Fri, 08/18/2017 - 06:38

Posted by Belinda Alzner on November 02, 2012

In her final regular political column for The Ottawa Citizen, Susan Riley tries to define her political worldview. In a testament to how complicated such worldviews really are – how many journalists see themselves as any sort of capital-letter partisan? – Riley’s classification spans at least six paragraphs and culminates in no clear consensus.

"I am not a partisan — and no journalist worth reading will be," she writes.

Riley, who began her journalism career in 1968 upon graduation from Carleton’s school of journalism, continues, naming names of politicians – from all parties – that she has written about positively, as well as those for whom she does not hold such high regard. Of those who are the “unprincipaled careerist” type, Riley says, “they not only set a terrible example for their elders, they contribute to cynicism and distaste for politics itself.”

She follows that with a note on trends not only in politics, but in journalism as well. “That said, the decline of standards need not be irreversible — governments tend to have 10-year lifespans — and neither is the decline of print media, or journalism.”


She transitions into a reflection on the journalism industry over the span of her career. She writes:

No one has yet figured out how to finance quality journalism when so much material is freely available online. Paywalls should help, but it will be challenging to close the floodgates.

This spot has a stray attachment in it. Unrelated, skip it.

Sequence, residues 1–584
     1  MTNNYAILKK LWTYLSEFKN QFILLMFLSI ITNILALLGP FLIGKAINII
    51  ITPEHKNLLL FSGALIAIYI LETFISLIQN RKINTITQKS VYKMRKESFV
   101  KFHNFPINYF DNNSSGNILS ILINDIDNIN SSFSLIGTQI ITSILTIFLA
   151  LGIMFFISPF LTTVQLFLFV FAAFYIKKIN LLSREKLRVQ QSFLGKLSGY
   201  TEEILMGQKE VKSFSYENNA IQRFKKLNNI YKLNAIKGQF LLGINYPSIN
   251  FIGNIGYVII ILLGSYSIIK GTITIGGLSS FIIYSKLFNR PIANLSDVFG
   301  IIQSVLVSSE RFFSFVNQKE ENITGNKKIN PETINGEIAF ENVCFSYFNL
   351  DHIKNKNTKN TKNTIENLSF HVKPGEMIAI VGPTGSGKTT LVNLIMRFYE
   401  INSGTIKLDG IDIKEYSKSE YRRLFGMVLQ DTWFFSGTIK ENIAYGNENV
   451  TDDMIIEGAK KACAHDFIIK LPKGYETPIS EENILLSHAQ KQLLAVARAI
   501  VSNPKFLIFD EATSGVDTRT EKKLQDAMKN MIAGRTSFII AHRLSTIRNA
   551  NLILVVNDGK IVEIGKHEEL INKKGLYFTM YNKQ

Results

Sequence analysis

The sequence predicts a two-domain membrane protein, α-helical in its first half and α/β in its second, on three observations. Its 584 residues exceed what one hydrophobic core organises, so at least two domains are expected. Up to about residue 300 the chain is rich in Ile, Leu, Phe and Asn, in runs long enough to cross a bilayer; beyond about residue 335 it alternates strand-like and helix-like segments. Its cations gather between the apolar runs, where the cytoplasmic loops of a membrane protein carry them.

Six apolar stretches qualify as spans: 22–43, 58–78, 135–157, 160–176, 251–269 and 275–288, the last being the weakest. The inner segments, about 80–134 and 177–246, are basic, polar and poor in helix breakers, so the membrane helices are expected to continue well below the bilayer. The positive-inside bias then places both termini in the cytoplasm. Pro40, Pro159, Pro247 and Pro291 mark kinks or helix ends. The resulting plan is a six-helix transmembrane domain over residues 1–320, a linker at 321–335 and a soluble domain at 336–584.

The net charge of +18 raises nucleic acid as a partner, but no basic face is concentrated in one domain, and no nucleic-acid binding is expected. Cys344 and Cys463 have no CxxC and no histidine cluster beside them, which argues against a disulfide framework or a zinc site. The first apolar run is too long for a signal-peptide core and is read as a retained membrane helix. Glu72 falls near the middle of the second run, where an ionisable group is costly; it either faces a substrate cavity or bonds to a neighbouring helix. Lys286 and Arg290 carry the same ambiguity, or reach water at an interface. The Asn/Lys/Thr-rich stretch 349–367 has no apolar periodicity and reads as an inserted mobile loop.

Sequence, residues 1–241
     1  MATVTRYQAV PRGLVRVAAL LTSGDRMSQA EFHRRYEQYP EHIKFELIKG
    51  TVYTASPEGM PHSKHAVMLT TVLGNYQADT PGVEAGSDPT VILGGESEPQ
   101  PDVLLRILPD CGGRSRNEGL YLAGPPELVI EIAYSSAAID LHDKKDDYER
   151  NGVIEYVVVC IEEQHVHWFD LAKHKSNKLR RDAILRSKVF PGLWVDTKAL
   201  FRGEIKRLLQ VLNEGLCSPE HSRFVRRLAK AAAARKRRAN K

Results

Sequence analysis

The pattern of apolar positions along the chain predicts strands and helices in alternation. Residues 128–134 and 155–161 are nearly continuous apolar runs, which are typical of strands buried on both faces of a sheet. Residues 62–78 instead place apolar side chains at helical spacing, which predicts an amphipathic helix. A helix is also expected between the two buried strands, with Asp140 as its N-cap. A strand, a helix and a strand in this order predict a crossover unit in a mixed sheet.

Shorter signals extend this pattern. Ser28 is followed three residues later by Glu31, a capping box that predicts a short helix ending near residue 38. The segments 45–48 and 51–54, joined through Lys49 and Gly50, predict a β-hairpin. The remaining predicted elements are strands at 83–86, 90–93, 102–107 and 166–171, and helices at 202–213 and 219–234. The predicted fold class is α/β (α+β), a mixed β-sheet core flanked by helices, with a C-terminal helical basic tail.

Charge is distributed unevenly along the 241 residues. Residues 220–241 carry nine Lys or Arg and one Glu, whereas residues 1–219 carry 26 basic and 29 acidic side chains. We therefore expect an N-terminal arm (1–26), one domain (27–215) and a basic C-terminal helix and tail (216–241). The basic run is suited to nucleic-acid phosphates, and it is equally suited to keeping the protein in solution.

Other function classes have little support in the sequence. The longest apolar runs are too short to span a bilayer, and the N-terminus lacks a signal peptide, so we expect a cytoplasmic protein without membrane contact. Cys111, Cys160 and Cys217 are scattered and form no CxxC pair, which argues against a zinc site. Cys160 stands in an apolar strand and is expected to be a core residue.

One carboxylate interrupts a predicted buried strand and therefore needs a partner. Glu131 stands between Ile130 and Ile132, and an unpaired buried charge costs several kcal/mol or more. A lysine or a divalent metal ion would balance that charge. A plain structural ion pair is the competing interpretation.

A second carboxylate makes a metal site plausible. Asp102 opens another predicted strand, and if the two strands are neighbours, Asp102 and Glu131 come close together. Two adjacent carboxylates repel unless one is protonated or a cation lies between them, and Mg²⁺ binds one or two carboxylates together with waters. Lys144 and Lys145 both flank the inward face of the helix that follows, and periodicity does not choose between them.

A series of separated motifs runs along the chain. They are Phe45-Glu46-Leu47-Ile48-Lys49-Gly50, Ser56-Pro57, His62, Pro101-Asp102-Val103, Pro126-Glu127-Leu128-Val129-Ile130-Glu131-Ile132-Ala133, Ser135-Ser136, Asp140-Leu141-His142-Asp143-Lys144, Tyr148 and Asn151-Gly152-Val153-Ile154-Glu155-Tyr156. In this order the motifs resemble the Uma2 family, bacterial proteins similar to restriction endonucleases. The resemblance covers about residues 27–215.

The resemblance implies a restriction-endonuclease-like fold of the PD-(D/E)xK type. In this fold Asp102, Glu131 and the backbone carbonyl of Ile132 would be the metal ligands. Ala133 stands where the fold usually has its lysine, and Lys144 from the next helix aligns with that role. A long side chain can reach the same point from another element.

Despite fashionable disdain for the mainstream media — see the repetitive and self-dramatizing coverage of Hurricane Sandy — it does pay journalists a living wage. Without that, journalism risks becoming the exclusive province of hobbyists, partisans and obsessives. Trust me, you’ll be nostalgic for the moronic bimbos of the mainstream.

Riley has been with the Citizen since 1984, in a number of roles, including editorial writer, Parliamentary reporter and local and national columnist, according to her profile on the Citizen’s website. Prior to that she had a stint at Maclean’s and spent time at a number of smaller papers including the Victoria Times, the Kingston Whig-Standard and the Ottawa Journal.

Read Riley’s final column in full here

J-Source and ProjetJ are publications of the Canadian Journalism Project, a venture among post-secondary journalism schools and programs across Canada, led by Ryerson University, Université Laval and Carleton University and supported by a group of donors.